My guest this week is one of my best and oldest friends, Jeremiah Lowin. Jeremiah has had a fascinating career, starting with advanced work in statistics before moving into the risk management field in the hedge fund world. Through his career he has studied data, risk, statistics, and machine learning—the last of which is the topic of our conversation today.  He has now left the world of finance to found a company called Prefect, which is a framework for building data infrastructure. Prefect was inspired by observing frictions between data scientists and data engineers, and solves these problems with a functional API for defining and executing data workflows. These problems, while wonky, are ones I can relate to working in quantitative investing—and others that suffer from them out there will be nodding their heads. In full and fair disclosure, both me and my family are investors in Jeremiah’s business. You won’t have to worry about that potential conflict of interest in today’s conversation, though, because our focus is on the deployment of machine learning technologies in the realm of investing. What I love about talking to Jeremiah is that he is an optimist and a skeptic. He loves working with new statistical learning technologies, but often thinks they are overhyped or entirely unsuited to the tasks they are being used for. We get into some deep detail on how tests are set up, the importance of data, and how the minimization of error is a guiding light in machine learning and perhaps all of human learning, too. Let’s dive in. For more episodes go to InvestorFieldGuide.com/podcast. Sign up for the book club, where you’ll get a full investor curriculum and then 3-4 suggestions every month at InvestorFieldGuide.com/bookclub. Follow Patrick on Twitter at @patrick_oshag Show Notes 2:06 - (First Question) – What do people need to think about when considering using machine learning tools 3:19 – Types of problems that AI is perfect for 6:09 – Walking through an actual test and understanding the terminology 11:52 – Data in training: training set, test set, validation set 13:55 – The difference between machine learning and classical academic finance modelling 16:09 – What will the future of investing look like using these technologies 19:53 – The concept of stationarity 21:31 – Why you shouldn’t take for granted label formation in tests 24:12 – Ability for a model to shrug 26:13 – Hyper parameter tuning 28:16 – Categories of types of models 30:49 – Idea of a nearest neighbor or K-Means Algorithm 34:48 – Trees as the ultimate utility player in this landscape 38:00 – Features and data sets as the driver of edge in Machine Learning 40:12 – Key considerations when working through time series 42:05 – Pitfalls he has seen when folks try to build predictive market investing models 44:36 – Getting started 46:29 – Looking back at his career, what are some of the frontier vs settled applications of machine learning he has implemented 49:49 – Does intereptability matter in all of this 52:31 – How gradient decent fits into this whole picture     Learn More For more episodes go to InvestorFieldGuide.com/podcast.  Sign up for the book club, where you’ll get a full investor curriculum and then 3-4 suggestions every month at InvestorFieldGuide.com/bookclub Follow Patrick on twitter at @patrick_oshag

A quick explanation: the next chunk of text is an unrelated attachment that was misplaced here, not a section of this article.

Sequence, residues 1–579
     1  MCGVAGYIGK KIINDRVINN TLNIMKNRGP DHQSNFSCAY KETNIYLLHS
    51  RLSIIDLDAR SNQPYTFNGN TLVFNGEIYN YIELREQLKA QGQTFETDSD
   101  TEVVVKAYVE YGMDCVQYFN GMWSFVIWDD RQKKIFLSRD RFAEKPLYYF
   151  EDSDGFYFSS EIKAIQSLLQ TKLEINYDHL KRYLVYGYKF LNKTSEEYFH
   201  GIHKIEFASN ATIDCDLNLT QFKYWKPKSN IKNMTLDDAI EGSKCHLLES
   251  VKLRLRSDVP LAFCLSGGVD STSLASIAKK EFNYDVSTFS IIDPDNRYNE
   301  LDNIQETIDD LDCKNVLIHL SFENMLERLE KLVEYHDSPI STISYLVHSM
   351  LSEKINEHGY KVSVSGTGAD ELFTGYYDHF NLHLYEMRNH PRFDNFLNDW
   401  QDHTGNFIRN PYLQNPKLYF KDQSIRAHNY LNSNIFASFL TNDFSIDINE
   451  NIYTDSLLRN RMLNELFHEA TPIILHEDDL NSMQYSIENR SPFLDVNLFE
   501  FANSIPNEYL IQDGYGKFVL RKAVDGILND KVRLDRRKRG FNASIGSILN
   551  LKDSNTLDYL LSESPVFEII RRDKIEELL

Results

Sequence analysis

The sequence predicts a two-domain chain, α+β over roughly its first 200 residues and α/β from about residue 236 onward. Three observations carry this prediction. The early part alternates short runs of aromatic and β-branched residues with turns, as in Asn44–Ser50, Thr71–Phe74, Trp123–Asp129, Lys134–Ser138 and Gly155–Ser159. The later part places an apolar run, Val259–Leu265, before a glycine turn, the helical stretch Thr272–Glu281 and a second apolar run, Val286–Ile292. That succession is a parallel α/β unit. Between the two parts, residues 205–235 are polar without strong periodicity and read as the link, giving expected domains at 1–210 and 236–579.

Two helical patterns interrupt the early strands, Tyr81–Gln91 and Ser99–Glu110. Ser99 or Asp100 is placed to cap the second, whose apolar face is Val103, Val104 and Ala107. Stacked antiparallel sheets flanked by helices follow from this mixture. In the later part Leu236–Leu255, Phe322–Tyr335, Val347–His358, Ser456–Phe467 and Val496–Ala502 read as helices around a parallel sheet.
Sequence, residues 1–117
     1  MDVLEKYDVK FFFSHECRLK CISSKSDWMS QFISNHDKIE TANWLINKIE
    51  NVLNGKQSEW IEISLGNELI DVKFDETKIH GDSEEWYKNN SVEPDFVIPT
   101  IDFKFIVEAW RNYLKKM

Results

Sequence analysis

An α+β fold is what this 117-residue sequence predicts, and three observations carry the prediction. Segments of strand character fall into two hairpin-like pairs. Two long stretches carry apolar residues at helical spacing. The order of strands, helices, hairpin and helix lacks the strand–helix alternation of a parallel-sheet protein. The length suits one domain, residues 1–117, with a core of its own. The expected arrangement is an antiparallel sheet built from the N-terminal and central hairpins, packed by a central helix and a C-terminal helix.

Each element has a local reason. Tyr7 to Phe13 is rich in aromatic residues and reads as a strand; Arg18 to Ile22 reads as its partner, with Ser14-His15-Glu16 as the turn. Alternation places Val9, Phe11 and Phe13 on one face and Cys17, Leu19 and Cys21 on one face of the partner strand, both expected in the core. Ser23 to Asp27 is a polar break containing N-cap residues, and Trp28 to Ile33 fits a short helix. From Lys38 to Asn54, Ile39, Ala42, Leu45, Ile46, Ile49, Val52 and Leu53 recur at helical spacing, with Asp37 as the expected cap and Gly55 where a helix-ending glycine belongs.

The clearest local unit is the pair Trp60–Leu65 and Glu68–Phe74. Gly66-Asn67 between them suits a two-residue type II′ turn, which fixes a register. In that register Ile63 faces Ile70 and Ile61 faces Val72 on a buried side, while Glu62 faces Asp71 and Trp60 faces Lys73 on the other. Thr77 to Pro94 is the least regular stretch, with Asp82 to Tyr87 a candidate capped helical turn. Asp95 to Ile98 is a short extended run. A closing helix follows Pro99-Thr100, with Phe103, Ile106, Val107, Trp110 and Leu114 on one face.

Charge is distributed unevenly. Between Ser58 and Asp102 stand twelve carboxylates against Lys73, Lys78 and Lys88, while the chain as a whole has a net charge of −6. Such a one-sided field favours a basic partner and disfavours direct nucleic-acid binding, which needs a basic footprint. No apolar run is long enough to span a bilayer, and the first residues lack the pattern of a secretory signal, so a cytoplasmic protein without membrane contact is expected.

September 18, 2018